Just recently finished writing my Master thesis on aspects of open SDN applications and since then had some spare time to play lil’ bit more with it. In this post I want to share quick aftermath and two examples I found useful when starting with SDN (especially as a noob, thus SDN101). One is FlowMaker app by Northbound Networks and the other is sdn-loadbalancing script that pushes flow updates to create paths.

What is SDN again?

Well, it is already 2017 and by now SDN took many turns in various people’s definitions of what SDN represents. Thus, I will go with the popular opinion that SDN is an umbrella term that can take characteristics of several visions such as:

  1. Open SDN: defined by Open Networking Foundation where SDN is basically physical separation of network control plane from the forwarding plane where controllers such as OpenDaylight, Floodlight, ONOS, NOX, POX and others manage network devices from centralized location.

  2. SDN via overlays: seen as a virtual network overlayed across physical network using protocols such as VxLAN and NvGRE. One of the examples include VmWare’s NSX, acquired by purchasing Mr. Martin Casado’s company Nicira, and Nuage Networks where primary aspects are put on high-scalability, multi-DC and multi-hypervisor environment demands.

  3. Brite-Box/White-Box: seen as an approach to invest money into purchase of low-end, independent-manufacturer switches instead of proprietary hardware, OS or features. Some of the examples include Pica8, Cumulus Networks and to some degree Facebook’s Open Switching System.

  4. SDN via API’s: this fourth vision is seen as a method of enriching interfaces for direct programmability of configuration instead of traditional use of CLI. Some of the examples include use of REST, YANG and NETCONF APIs.

  5. SDN using ASICs: seen as an approach to intentionally attach networks architecture to specific hardware via ASIC chips. Example would include CISCO’s SDN solution named ACI that runs on OpFlex protocol where attachment lies with the inevitable use of their Nexus product line.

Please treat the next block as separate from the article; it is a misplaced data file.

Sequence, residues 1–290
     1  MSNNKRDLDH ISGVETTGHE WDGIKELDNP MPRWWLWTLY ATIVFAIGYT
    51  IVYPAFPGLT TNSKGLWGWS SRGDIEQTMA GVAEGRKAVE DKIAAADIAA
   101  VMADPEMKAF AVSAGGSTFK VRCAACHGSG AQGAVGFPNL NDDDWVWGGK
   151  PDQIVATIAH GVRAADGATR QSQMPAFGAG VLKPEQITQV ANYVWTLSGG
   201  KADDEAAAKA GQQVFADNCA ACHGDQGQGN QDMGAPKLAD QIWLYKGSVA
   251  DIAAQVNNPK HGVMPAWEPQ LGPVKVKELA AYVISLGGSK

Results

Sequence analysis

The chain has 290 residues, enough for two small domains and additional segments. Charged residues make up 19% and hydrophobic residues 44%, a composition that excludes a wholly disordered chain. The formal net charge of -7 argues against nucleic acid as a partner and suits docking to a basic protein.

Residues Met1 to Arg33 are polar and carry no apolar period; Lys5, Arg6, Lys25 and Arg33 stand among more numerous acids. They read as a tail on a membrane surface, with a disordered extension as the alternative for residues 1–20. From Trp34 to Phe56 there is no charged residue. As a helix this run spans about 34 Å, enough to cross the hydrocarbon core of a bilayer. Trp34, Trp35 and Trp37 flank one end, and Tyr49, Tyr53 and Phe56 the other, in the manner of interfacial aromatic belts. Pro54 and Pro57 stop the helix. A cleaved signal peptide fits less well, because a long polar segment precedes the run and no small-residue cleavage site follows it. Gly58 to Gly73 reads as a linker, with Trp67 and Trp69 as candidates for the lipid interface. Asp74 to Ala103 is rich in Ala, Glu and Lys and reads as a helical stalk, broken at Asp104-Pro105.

6. Cloud automation: mainly seen in the use of OpenStack project where the goal is to manage all networking devices, servers, storage and other from a single console.

  7. NFV vision: this vision is based on an approach that nowadays servers are completely virtualized and thus question being asked is why not transfer over this whole approach to networking area where we would have virtualized firewalls, routers, switches and others. Examples of this vision would be Cisco CSR, HPVSR, OVS etc.

Using cool stuff (Mininet)

Mininet is a network emulator that runs a collection of end-hosts, switches, routers, and links on a single Linux kernel. It uses lightweight virtualization to make a single system look like a complete network, running the same kernel, system, and user code. A Mininet host behaves just like a real machine; you can ssh into it (if you start up sshd and bridge the network to your host) and run arbitrary programs (including anything that is installed on the underlying Linux system.)

In few scenarios that I ran, I found simple tree-topology sufficient for experimenting. The best way is to create a custom topology:

class fatTreeTopo(Topo):

    "Fat Tree Topology"

    def __init__(self):
        "Create Fat tree Topology"


        #Add hosts
        h7 = self.addHost('h7', cls=Host, ip='', defaultRoute=None)
        h8 = self.addHost('h8', cls=Host, ip='', defaultRoute=None)